All men aged 15 and over were lined up and shot. The bodies piled up until the firing squad had to step back to make space for new groups of victims. Nine men and two boys who were away from the village were later shot in Prague.

Every building in the village was burned down, and their remains demolished with explosives.

Four pregnant women had their foetuses forcibly aborted and were then sent to extermination camps.

The remaining women were taken to Ravensbrück camp. There they laboured for the Germans, many dying as the guards worked to isolate them.

The children were sent to Łódź in Poland. They received minimal care, and many died. A few were chosen for Germanisation, leading to adoption by SS families. They were not told of their origins.

The remains of Lidice were bulldozed, the landscape reshaped, even the course of the stream changed. Nothing remained of a once thriving community.

The World Remembers

But for Hitler’s destruction of the village to cause fear, he had to tell the world about it. And so, instead of being forgotten, Lidice became a rallying cry against the Nazis.

Rest of the wall of the garden in Horák farm, where June 10, 1942 male inhabitants of Lidice were shot. Source: Juan de Vojníkov/ CC BY-SA 3.0/ Wikimedia Commons
Rest of the wall of the garden in Horák farm, where on June 10th, 1942, male inhabitants of Lidice were shot. By Juan de Vojníkov – CC BY-SA 3.0

At Ravensbrück, other inmates struggled to prevent the Lidice women from being isolated.

Towns in Brazil, Mexico, Panama, the United States and Venezuela changed their names to incorporate that of Lidice in remembrance. At San Jerónimo Lidice in Mexico, the massacre is still commemorated every year. Monuments, books, plays, films, street names, all of these were used to keep Lidice’s memory alive.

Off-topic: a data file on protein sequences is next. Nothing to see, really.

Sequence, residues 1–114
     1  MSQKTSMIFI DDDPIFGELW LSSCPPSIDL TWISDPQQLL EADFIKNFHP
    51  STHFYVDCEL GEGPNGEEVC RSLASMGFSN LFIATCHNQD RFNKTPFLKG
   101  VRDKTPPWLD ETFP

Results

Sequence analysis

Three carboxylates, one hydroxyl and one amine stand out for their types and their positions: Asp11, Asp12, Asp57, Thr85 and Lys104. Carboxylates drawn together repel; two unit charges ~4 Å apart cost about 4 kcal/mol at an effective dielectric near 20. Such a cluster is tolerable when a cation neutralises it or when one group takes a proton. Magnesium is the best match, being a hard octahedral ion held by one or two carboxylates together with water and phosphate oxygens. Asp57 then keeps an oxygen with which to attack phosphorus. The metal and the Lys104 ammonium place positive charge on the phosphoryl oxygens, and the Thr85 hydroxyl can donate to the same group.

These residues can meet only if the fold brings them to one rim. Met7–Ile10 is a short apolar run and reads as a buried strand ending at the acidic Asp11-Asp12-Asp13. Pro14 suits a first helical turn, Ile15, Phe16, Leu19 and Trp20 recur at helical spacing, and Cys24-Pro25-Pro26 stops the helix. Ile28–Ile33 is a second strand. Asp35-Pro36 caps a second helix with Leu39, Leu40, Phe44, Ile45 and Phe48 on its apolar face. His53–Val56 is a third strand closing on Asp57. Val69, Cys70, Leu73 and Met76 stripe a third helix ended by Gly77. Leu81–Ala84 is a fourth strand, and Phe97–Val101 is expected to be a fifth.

The Staffordshire Miners

In the British city of Stoke-on-Trent, Dr Barnett Stross heard about Hitler’s declaration that “Lidice shall die forever” and responded with the opposite – “No. Lidice shall live.”

A British poster commemorating Lidice.
A British poster commemorating Lidice.

Stoke had a strong mining community, which Stross mobilised. Together with Arthur Baddeley, president of the North Staffordshire Miners’ Federation, he launched the Lidice Shall Live campaign on September 6th, 1942. Czech President Dr Edvard Beneš attended the launch event. Miners across Stoke-on-Trent and North Staffordshire pledged a day’s wage each week to a fund to rebuild Lidice. It was a big sacrifice in an economy already strained by the war, but the miners recognised that it was nothing compared with the suffering of Lidice. By the end of the war, they raised £32,000 – equivalent to over £1,000,000 today.

Following the war, Lidice was rebuilt – not on the same site but nearby, so that the site of the atrocity could remain and be remembered.

Lidice shall live.